A former chair of the BMA has called on schools to demand compulsory MMR immunisation for pupils
Sir Sandy Macara wants the MMR jab, which protects against measles, mumps and rubella, to be compulsory, according to a motion for debate at the BMA’s annual conference later this month.
After the MMR was wrongly linked to an increased risk of autism, the number of vaccinations plunged, prompting country-wide measles outbreaks and boosting fears of an epidemic.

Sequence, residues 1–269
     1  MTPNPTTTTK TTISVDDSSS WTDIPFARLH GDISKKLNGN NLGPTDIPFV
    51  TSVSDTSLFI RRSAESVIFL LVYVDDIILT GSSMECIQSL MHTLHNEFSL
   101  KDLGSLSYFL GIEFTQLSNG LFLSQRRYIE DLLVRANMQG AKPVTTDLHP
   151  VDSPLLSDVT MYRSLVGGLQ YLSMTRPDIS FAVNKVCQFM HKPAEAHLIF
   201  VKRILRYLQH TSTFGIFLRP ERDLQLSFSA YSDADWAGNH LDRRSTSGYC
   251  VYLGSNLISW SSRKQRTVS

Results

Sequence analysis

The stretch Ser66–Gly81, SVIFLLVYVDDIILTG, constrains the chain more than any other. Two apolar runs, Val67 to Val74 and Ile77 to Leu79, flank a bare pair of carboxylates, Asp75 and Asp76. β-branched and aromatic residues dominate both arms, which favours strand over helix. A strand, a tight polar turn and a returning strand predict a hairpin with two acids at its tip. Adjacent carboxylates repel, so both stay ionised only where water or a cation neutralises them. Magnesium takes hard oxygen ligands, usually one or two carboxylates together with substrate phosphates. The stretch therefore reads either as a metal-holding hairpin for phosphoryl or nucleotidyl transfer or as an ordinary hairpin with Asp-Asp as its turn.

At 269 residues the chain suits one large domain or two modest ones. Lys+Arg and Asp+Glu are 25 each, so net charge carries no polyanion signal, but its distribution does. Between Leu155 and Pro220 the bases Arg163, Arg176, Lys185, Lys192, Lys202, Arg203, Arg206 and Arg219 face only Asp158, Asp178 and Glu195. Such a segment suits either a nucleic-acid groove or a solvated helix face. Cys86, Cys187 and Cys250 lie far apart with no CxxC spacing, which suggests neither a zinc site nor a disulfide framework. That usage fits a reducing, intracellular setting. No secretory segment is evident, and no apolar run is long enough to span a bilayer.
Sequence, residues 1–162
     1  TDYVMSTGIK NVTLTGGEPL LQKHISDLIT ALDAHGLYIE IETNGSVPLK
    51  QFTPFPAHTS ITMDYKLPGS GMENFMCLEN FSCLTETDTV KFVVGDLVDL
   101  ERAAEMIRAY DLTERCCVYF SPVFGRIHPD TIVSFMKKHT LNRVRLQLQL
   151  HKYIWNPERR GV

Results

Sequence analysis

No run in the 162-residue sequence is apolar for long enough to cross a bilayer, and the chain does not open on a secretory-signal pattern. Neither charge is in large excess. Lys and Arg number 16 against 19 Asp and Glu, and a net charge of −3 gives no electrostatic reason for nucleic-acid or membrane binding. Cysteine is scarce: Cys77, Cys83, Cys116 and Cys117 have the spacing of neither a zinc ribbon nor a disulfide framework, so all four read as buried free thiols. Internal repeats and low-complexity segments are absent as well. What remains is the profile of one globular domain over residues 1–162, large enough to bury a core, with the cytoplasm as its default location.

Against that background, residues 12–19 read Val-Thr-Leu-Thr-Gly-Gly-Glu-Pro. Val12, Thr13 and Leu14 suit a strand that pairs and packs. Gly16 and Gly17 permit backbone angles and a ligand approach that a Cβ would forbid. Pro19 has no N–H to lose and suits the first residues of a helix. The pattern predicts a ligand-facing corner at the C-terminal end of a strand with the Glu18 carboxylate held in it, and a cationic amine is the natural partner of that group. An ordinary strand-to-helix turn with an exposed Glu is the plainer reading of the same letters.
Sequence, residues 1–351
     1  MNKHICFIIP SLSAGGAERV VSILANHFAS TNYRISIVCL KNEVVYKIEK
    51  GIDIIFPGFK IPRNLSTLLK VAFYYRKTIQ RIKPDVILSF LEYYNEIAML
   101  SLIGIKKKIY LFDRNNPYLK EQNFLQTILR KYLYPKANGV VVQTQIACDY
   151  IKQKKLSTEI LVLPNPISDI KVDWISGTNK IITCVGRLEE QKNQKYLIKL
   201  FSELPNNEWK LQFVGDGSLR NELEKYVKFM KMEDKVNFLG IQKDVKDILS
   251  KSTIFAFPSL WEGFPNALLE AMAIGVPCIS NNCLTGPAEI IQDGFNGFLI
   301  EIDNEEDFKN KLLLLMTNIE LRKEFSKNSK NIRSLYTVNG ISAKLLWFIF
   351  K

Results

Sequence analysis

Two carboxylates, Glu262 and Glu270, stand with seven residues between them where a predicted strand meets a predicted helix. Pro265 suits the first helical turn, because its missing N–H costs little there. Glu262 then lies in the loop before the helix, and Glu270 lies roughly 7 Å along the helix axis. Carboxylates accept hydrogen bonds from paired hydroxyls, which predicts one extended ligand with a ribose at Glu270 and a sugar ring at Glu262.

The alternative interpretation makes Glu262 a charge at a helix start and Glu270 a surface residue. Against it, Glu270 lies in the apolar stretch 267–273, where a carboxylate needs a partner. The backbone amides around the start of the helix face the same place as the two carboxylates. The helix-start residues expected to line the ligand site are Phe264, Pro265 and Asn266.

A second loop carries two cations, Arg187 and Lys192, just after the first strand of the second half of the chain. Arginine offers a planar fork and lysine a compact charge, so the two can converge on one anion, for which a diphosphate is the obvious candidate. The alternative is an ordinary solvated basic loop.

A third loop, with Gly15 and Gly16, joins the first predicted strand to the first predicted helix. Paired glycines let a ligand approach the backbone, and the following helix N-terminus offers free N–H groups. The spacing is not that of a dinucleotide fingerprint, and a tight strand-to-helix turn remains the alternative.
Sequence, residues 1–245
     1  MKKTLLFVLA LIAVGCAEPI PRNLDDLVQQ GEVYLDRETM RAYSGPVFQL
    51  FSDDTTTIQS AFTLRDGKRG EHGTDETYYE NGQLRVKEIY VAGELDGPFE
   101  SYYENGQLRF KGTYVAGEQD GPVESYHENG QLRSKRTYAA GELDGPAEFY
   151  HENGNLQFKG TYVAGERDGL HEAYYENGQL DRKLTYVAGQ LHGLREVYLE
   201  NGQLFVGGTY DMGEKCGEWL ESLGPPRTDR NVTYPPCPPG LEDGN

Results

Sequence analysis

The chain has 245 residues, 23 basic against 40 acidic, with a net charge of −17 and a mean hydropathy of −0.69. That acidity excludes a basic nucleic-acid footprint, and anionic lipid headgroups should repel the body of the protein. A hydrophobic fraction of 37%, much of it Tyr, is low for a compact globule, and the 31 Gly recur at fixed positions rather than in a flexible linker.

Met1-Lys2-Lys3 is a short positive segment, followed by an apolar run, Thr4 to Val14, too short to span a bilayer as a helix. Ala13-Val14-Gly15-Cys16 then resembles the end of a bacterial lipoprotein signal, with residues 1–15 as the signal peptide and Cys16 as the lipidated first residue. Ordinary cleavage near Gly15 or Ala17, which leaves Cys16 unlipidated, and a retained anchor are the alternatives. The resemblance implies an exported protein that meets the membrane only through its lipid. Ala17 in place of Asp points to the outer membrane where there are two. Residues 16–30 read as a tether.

One in four children under five have not had both of the required injections, the first at 13 months and the second at around three years and four months.
Sir Macara said: ‘We ought to consider making a link which in effect would make it compulsory for children to be immunised if they are to receive the benefit of a free education from the state.’
The BBC reports that the Government has refused a request by the London Strategic Health Authority that vaccinations be made compulsory.
The authority had reportedly asked about the ‘feasibility of requiring an immunisation certificate for measles before children go to school’.
Should schools demand compulsory MMR vaccination?